Governor Newsom Approves Senate Bill 998 Expanding Local Government Agencies’ Investment Options


On September 28, 2020, Governor Gavin Newsom signed into law Senate Bill 998 (Moorlach) – Local Government Investments (“SB 998”), which expands local public agencies’ investment options and makes other changes to their ability to invest surplus funds.  Seeking to distribute investment authority, safeguard municipal investments, and clarify access to joint powers authority (JPA) investment pools, SB 998 made several changes to existing law. 

The Joint Exercise of Powers Act generally authorizes two or more public agencies to agree to jointly exercise a common power. It specifically authorizes two or more public agencies that have the authority to invest funds in their treasuries to agree to jointly exercise that common power and describes how funds subject to that agreement may be invested.  SB 998 authorizes a JPA formed as described above to establish the terms and conditions pursuant to which agencies may participate and invest in pool shares and specifically clarifies that a federally recognized Indian tribe is eligible to participate in such a JPA or otherwise invest in pool shares consistent with the terms and conditions established by the JPA.

Additionally, SB 998 increases the commercial paper limit for cities and special districts that have more than $100 million in investment assets from 25% to 40% of their total surplus funds.  Pursuant to SB 998, Government Code Section 53601 has been amended to specify that “local agencies, other than counties or a city and county, that have one hundred million dollars ($100,000,000) or more of investment assets under management may invest no more than 40% of their moneys in eligible commercial paper.”

SB 998 also provides that “[a] local agency, other than a county or a city and county, may invest no more than 10% of its total investment assets in commercial paper and the medium-term notes of any single issuer.”  Medium-term notes are securities with a maximum remaining maturity of five years or less.  Prior to the enactment of SB 998, cities and special districts had a 10% single issuer commercial paper concentration limit, based on the issuer’s total commercial paper allocation, yet corporate medium-term notes, which can carry higher risk due to longer maturities, had no single issuer concentration limit.  SB 998 addressed this issue by establishing a combined 10% single issuer commercial paper and medium-term note concentration limit, based upon the agency’s total investment assets.  This change in the law will remain in effect only until January 1, 2026; and will be repealed.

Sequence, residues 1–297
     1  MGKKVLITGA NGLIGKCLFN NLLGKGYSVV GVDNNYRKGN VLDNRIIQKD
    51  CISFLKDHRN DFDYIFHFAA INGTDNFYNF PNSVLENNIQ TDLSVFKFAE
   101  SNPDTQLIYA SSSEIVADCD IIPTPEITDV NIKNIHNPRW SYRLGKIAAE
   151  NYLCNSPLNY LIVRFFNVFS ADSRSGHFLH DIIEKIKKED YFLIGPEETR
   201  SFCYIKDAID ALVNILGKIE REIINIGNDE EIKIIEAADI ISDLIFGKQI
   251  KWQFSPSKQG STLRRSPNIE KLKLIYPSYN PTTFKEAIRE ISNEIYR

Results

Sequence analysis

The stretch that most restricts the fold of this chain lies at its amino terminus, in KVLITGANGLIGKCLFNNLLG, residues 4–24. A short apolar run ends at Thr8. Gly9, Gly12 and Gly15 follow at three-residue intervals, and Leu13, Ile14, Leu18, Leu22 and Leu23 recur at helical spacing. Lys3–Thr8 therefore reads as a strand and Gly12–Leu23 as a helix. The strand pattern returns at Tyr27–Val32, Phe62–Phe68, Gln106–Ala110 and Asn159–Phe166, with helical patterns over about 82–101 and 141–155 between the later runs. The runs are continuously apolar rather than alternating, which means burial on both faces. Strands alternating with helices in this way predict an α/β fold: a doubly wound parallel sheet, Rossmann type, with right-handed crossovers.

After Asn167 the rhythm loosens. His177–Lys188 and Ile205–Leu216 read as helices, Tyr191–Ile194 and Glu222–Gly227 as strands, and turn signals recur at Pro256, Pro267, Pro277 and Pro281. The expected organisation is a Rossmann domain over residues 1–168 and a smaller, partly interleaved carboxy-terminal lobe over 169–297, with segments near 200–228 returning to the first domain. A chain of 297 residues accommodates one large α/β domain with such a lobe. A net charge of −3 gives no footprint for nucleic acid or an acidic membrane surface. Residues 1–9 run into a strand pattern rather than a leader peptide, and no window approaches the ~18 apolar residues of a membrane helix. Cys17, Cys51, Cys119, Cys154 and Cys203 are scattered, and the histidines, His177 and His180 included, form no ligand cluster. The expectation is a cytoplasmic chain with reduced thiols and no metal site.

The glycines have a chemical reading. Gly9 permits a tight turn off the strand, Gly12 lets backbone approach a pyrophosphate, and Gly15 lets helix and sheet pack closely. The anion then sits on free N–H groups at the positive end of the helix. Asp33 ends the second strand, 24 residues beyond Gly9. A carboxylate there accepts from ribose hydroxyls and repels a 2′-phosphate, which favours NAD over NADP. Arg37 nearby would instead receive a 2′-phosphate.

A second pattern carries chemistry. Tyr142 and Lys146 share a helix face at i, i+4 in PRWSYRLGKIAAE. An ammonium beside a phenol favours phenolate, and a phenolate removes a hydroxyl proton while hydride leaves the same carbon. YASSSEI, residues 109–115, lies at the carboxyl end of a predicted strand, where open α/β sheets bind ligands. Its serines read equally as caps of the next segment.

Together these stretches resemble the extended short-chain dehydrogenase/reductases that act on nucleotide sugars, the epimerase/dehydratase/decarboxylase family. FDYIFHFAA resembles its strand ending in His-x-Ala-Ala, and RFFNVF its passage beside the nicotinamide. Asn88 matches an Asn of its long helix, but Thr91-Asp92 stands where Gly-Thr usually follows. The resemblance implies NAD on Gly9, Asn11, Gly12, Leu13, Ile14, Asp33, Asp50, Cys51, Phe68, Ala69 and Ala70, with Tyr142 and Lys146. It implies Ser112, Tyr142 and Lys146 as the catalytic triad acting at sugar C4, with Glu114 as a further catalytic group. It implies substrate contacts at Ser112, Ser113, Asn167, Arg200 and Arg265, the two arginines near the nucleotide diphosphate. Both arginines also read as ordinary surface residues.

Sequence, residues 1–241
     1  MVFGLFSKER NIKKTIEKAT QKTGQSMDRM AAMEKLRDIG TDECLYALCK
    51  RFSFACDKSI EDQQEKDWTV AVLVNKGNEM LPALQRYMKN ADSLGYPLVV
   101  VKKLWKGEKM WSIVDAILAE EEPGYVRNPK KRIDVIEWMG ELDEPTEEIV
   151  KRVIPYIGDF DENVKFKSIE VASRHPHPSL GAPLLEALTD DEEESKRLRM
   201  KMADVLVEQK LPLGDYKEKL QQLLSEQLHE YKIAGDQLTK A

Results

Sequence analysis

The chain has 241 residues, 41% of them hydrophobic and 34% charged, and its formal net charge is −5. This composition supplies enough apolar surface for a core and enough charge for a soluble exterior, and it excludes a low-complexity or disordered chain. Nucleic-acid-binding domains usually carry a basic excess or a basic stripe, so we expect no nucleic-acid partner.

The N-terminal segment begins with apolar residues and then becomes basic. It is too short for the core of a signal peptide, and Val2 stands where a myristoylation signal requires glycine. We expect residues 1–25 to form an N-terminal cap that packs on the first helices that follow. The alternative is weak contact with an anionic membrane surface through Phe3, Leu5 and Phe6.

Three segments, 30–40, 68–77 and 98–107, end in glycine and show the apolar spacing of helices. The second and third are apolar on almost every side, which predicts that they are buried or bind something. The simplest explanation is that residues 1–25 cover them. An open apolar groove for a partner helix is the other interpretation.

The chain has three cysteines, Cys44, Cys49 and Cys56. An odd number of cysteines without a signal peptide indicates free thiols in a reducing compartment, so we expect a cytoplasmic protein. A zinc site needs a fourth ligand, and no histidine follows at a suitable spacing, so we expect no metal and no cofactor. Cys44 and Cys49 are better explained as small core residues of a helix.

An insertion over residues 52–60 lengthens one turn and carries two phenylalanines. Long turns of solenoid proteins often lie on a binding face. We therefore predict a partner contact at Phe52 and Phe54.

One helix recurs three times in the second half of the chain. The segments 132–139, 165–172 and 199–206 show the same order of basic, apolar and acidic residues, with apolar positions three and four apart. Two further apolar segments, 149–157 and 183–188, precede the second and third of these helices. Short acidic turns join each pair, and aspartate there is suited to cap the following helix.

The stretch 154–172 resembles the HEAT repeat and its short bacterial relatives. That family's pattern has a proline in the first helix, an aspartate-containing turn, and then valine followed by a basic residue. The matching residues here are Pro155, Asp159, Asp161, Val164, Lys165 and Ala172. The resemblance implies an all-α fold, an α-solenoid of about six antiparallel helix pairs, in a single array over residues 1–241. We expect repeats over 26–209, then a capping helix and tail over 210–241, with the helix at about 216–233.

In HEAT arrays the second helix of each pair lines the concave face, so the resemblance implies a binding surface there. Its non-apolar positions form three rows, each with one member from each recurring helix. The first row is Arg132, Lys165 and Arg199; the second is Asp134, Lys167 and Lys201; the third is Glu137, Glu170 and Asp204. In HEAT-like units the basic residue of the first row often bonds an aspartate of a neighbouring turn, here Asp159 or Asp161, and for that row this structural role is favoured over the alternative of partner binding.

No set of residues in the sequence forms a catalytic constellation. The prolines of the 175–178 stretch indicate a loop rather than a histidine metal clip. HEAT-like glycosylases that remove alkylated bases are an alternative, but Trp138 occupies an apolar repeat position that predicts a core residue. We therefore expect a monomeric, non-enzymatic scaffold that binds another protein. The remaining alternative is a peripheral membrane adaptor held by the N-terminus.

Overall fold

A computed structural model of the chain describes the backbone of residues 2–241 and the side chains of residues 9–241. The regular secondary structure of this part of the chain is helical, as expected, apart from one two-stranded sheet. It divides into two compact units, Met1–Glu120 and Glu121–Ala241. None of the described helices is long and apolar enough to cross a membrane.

SB 998 also authorizes a local agency to invest in securities issued by, or backed by, the United States government that could result in zero- or negative-interest accrual if held to maturity, in the event of, and for the duration of, a period of negative market interest rates. SB 998 also authorizes a local agency to hold these instruments until their maturity dates.  This allows local agencies an investment vehicle for use in extreme economic times to avoid potential loss of principal.  This change in the law also contains a sunset date of January 1, 2026.

In light of the changes enacted pursuant to SB 998, local agencies may wish to review their current investment policies and may wish to consult with their legal counsel, investment director or advisors, and/or financial advisors concerning various additional investment options that will become available.

This AALRR publication is intended for informational purposes only and should not be relied upon in reaching a conclusion in a particular area of law. Applicability of the legal principles discussed may differ substantially in individual situations. Receipt of this or any other AALRR publication does not create an attorney-client relationship. The Firm is not responsible for inadvertent errors that may occur in the publishing process.

©2020 Atkinson, Andelson, Loya, Ruud & Romo



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